LETTER: Like other states, Michigan’s business is business

TO THE EDITOR:

Michigan’s business, and that of every other state, is business.

A recent letter to the editor in the Pioneer attempted to discredit the centrality of that fundamental truth.

Michigan has had a grand history with income production from natural resources in the 1800s and manufacturing in the 1900s.

From 1920 to 2000, Michigan held a virtual monopoly on in the manufacturing age, and we reaped a giant boom to the state coffers for use in the official Michigan budget. This extra income, that gave us a great standard of living, allowed us to make unwise monetary policies but now with an economic collapse, our unwise policies have surfaced.

I am glad we have a governor who loves business verses the prior governor who was loathe toward business.

The truth is that all governments are in fact a business! Every government, from the USSR, to the USA, and to Big Rapids Township, must have enough income to support their existence. Some governments have a flawed business model.

In the USSR, the commissars just ‘took’ the money they wanted and tried to steer the economy by expansive central planning. That didn’t work.

The state of California has created a giant central government with massive benefits, like the city of Bell, Calif. with city salaries nearing $1 million, which cannot sustain themselves. Michigan citizens, in the last election voted to return the management of the state to a sustainable model that can sustain itself.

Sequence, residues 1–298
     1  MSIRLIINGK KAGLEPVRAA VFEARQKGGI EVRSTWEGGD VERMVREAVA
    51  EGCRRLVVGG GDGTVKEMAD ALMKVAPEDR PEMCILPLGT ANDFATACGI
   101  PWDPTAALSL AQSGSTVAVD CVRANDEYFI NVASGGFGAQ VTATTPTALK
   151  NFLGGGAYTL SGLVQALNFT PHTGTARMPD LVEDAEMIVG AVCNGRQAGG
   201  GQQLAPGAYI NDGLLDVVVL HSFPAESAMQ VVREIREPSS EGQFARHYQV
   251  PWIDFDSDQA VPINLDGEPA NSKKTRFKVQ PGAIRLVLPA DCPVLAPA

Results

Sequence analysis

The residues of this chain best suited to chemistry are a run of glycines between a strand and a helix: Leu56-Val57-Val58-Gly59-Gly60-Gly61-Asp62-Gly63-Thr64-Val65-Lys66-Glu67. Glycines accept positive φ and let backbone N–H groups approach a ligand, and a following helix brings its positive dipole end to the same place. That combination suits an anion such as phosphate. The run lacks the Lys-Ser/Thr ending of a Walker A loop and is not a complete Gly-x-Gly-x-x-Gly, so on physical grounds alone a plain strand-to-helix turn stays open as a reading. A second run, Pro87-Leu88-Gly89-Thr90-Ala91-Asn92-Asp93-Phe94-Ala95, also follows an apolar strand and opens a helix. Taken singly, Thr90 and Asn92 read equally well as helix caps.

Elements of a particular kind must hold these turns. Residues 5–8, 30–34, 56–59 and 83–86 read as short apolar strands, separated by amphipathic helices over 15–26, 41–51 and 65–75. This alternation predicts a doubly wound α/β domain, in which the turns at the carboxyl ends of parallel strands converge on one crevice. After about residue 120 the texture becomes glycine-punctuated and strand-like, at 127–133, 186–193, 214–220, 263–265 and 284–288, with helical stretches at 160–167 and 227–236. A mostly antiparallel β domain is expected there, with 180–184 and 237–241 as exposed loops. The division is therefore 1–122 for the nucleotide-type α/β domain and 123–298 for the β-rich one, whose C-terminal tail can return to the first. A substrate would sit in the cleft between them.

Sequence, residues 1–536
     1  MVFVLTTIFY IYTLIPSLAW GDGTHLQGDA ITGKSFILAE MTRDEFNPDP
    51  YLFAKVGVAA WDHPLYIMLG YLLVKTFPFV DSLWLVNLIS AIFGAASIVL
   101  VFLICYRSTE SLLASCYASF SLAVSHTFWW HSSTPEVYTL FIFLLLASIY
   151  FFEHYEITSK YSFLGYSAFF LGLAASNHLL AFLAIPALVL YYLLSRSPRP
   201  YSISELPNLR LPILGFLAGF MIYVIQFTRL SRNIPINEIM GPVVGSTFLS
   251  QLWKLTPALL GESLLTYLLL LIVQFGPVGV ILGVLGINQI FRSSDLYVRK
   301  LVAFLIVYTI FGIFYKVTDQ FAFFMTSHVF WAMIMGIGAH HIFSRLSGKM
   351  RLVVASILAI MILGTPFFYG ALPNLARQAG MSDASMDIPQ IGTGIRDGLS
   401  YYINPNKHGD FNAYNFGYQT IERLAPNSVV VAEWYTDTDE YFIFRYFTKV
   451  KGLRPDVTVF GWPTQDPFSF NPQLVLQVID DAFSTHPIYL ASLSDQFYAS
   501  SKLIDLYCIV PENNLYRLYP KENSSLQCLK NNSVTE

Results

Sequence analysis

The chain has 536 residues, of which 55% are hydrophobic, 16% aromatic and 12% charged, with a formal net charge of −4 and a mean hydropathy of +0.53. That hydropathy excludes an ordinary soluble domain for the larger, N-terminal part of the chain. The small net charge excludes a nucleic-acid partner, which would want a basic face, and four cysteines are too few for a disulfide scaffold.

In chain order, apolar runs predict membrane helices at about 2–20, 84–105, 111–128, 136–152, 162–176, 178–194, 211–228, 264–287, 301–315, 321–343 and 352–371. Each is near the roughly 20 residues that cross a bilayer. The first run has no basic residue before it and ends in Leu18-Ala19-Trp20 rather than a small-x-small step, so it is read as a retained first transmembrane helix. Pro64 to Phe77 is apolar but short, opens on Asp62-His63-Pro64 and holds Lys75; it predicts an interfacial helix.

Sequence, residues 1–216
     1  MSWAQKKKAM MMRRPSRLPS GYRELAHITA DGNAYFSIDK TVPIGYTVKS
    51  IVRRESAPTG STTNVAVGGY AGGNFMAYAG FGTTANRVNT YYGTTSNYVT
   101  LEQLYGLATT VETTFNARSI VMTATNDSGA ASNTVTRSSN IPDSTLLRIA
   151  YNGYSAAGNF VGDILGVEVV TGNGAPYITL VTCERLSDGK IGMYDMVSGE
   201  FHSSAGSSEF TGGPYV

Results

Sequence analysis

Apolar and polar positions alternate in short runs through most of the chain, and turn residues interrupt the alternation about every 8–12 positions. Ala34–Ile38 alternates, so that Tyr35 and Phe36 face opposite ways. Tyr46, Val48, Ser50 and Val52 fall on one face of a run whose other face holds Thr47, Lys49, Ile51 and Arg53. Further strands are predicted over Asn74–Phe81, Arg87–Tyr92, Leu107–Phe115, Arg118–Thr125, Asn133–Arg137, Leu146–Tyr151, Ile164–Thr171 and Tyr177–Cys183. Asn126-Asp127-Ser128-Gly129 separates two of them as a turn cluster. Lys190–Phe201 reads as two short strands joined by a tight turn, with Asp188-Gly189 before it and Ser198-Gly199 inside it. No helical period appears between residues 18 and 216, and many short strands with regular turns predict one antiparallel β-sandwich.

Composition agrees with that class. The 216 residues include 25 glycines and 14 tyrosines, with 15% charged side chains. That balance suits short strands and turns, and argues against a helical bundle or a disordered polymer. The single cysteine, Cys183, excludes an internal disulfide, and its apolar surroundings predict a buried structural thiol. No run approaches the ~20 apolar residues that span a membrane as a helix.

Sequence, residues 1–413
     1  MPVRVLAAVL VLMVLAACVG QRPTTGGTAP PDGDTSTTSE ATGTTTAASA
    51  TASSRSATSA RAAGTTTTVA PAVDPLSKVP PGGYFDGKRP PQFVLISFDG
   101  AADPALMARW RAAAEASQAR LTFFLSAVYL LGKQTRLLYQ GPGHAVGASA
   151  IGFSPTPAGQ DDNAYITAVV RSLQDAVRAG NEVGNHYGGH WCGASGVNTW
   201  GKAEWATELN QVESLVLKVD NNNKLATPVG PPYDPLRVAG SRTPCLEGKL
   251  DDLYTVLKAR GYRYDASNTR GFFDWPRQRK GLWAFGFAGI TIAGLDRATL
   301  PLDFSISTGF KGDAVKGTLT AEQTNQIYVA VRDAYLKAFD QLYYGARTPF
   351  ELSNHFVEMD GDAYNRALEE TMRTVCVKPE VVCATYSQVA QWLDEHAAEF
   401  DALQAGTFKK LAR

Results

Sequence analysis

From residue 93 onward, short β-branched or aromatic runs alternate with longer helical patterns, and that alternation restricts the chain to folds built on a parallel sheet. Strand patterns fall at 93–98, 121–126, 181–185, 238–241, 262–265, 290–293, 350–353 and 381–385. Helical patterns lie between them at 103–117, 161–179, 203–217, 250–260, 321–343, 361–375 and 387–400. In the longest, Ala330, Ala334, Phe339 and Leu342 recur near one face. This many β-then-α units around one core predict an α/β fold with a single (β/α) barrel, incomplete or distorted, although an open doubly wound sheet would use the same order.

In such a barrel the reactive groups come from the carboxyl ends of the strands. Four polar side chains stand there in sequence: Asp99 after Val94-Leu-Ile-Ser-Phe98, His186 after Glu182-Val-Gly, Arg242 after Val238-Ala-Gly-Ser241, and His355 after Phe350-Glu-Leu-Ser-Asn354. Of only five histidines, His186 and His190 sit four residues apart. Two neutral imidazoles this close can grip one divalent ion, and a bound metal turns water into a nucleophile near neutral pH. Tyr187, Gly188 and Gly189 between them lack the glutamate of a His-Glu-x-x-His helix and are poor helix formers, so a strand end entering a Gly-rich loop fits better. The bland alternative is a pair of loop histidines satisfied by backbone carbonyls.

The prior letter writer correctly accounts that “demand for products … creates jobs”. Two points of note are 1) that cars and manufacturing are no longer the singular purview of Michigan and we are not reaping the massive tax revenues from that industry and 2) that the common purchases of citizens are coming from not only all over the nation, but all over the world.

Michigan has become a place where business has not been welcomed in a meaningful way. We have taxes, regulation and rules that have pushed business out of Michigan. The new tax law is an attempt to create a more level playing field for business and not the selected winner model (film, ethanol) of the last eight years.

The core point that most critics miss is that the money that determines the size of the state budget relies solely on the health of the overall economy.

A short-sighted view of “my” benefits misses the point that the budget is a complete document and not just the check or services that I get. To regain our sanity we must look at the “whole” and not “my share.”

We will have a lot more money for education when we have more companies offering more jobs to more people!

Ormand Hook
Big Rapids

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